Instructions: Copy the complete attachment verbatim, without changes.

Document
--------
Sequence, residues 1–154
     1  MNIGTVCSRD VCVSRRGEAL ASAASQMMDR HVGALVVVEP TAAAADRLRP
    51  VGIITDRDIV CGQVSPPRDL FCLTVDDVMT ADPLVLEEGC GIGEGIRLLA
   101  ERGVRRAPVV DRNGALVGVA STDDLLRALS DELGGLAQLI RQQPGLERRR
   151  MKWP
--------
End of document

Sequence, residues 1–154
     1  MNIGTVCSRD VCVSRRGEAL ASAASQMMDR HVGALVVVEP TAAAADRLRP
    51  VGIITDRDIV CGQVSPPRDL FCLTVDDVMT ADPLVLEEGC GIGEGIRLLA
   101  ERGVRRAPVV DRNGALVGVA STDDLLRALS DELGGLAQLI RQQPGLERRR
   151  MKWP